Gardening with Carol Klein Episode 1

Gardening with Carol Klein

Carol Klein introduces us to Gardening with Carol Klein filmed at her home of over 40 years, Glebe Cottage in Chittlehamholt near Umberleigh Devon.

When Carol is not writing about gardening or presenting, she is in the garden.

Whatever sort or size of garden you have, or even if you just have a patio or window box, she is going to show us how, from the basics to more advanced techniques.

She wants to share the excitement and satisfaction of creating a garden whether you’re a novice or experienced, she wants to share the skills.

Carol is ‘ready are you’?



In the first episode Carol wants to show us by following ‘Mother Nature’ whatever sort of garden you have, sunny or shady that by putting the right plant in the right place they will flourish.

This is a learned skill how to group and plant in the correct position and Carol's passion for gardening started aged just 2 years old, growing up in Manchester.

Glebe Cottage

Moving to the South she met husband Neil and eventually they found Glebe Cottage in 1978 but there was no garden to speak of just somewhere for cars to turn around.

Carol knew this was the place for them and over the next 40 years they have transformed it to their idea of a bit of paradise in Devon.

Mother Nature has been the teacher and by looking at what naturally grows in different conditions and areas you can replicate this in your own garden.

Glebe Cottage

Every area has its own natural growing conditions so on the sunny side of the garden Carol laid out an area as a meadow as it captures all the sun.

On the shady side of the garden, that became the woodland garden and they looked to nature to plant them up with equivalent plants.

The meadow area has lots of grasses and perennials as well as annuals and plants like Astrantia loves the meadow conditions.

Other plants that love the open sunny conditions are Geraniums, Lace Flower Orlaya grandiflora.

AstrantiaLace Flower

Carol also has a bog area in the garden which has the pond and is surrounded by plants that like the wet and boggy conditions.

Her favourite part of the garden is the shady woodlands as it feels magical and mysterious and is predominately green foliage.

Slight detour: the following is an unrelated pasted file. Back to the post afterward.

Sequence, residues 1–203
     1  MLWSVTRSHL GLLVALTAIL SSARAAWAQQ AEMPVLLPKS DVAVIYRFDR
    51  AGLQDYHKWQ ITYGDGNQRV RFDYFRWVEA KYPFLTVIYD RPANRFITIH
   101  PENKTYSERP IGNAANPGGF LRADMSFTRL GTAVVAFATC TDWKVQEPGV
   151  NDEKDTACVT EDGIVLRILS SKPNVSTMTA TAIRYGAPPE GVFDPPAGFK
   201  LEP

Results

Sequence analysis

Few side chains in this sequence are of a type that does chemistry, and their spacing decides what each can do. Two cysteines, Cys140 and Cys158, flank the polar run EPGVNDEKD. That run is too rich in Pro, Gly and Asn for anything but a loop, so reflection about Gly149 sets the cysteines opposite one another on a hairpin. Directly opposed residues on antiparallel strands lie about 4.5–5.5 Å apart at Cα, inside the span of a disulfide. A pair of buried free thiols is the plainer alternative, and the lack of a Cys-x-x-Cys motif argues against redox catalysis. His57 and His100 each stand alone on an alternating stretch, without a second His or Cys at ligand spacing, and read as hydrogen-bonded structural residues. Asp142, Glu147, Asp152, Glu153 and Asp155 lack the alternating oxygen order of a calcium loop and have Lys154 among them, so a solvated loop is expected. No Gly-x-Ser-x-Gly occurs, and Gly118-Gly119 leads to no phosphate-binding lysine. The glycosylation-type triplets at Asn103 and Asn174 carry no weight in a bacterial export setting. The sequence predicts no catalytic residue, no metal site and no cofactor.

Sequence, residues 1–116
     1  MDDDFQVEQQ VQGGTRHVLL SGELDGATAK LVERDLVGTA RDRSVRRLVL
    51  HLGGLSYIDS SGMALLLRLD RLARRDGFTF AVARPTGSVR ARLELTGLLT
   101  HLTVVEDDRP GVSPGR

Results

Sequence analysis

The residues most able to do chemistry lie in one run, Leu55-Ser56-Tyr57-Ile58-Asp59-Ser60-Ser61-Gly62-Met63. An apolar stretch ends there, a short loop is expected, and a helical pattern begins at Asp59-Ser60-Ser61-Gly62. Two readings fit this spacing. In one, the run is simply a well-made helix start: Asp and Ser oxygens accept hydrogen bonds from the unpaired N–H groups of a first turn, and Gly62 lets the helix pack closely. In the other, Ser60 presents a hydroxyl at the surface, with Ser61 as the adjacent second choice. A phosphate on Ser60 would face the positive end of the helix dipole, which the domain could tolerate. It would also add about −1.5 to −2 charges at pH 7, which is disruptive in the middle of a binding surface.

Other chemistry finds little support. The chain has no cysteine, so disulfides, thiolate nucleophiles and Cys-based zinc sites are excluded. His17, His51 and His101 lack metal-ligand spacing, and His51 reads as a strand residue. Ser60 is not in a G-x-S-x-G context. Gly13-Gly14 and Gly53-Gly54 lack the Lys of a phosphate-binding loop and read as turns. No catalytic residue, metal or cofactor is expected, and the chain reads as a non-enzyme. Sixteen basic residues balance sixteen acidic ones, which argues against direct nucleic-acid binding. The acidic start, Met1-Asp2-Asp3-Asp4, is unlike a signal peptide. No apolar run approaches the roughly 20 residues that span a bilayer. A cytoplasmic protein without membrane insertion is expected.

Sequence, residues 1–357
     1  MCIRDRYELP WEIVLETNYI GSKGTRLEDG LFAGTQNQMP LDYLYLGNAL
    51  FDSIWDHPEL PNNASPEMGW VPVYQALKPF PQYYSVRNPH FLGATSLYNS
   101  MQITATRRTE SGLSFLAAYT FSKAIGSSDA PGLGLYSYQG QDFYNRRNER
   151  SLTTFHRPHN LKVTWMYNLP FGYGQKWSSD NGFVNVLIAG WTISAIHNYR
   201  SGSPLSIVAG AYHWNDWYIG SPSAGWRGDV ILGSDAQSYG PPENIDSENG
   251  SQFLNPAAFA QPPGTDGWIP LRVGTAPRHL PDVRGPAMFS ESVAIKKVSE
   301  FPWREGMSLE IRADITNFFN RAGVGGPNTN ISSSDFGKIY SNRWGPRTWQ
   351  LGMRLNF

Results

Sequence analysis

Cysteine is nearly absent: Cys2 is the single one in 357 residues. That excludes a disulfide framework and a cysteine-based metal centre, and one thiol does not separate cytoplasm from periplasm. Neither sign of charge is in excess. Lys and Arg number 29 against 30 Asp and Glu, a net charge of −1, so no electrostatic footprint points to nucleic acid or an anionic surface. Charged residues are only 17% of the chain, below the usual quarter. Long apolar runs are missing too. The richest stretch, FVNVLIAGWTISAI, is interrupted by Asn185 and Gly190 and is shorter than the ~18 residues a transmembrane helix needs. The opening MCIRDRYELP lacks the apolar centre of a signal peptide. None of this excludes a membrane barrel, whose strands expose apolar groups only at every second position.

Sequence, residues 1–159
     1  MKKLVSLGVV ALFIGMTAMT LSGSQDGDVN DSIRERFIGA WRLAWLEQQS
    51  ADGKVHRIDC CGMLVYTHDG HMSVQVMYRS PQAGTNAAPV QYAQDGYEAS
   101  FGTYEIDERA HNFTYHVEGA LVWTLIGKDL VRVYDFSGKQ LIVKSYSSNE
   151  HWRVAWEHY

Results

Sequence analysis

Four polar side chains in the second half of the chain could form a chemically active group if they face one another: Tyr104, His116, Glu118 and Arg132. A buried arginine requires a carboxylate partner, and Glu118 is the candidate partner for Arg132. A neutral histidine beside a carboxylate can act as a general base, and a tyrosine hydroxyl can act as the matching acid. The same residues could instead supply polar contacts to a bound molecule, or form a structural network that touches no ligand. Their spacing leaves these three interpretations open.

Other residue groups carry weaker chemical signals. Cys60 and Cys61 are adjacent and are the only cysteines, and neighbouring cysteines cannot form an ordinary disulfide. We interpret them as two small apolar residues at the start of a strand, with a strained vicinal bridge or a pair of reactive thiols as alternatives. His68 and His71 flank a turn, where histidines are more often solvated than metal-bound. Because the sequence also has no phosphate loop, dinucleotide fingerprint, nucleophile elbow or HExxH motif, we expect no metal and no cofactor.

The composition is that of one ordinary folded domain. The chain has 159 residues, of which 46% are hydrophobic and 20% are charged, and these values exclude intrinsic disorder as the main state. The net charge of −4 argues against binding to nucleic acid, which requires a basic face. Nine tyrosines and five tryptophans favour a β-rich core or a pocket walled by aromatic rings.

There are splashes of colour from the silver of the Brunner and from Azaleas and Rhododendrons.


Garden for shade

Carol has a container she is going to plant up with shade loving plants to show us the type of conditions these plants need.


You don’t have to have a woodland for shade it could be in the shadow of the house of garage or round the back of the wheelie bins.

The first plant she has picked for the planter is an evergreen Fern. She has picked this so it looks good all year and does not go to sleep for the winter.

evergreen Fern

She fills the container with a loam base compost which is a mixture of soil and compost she then adds leaf mold.

Carol has made the leaf mold herself by collecting leaves in the autumn and rotting them down.

She doesn’t overfill the pot as there is a lot of plants to put in.

Compost

Before planting Carol gently breaks up the roots so they can spread out in the compost, once all the plants are in, she will top it up with compost to the base of their stems.

She is adding a Euphorbia also known as Spurges and there are all different types to suit anywhere but she is adding one that’s perfect for dry shade.

The flower stems or brats have small white flowers that last for ages before turning green they can then be cut back to the base.

Spurges

The milky sap in all Spurges can be an irritant and burn your skin.

Once woodland plants are established they basically look after themselves and they get all the nourishment they need from the woodland environment.

Carol has finished her arrangement with all the contrasting foliage and it is much better to look at, than a wheelie bin!

Shade container

All it needs now is a good water, then to admire your own little bit of woodland in your shady corner.


Carol next job is to give us a run down of the different types of plants you can grow.

Once you have found out your soil type and your garden conditions the next exciting part is what plants you want in the garden.


How to choose trees

The first and most important one is trees, even in small spaces or on a balcony, there will be a suitable tree that can help give you structure and shape.

Some people are worried about having a tree especially in a small space and that it may get too big but this is why you need to choose the right tree for the right place.

A good tree for a small garden would have lots of foliage, flowers, fruit and lovely coloured leaves for autumn.

Trees are also great for wildlife and will feed bees and birds.

Crab Apple tree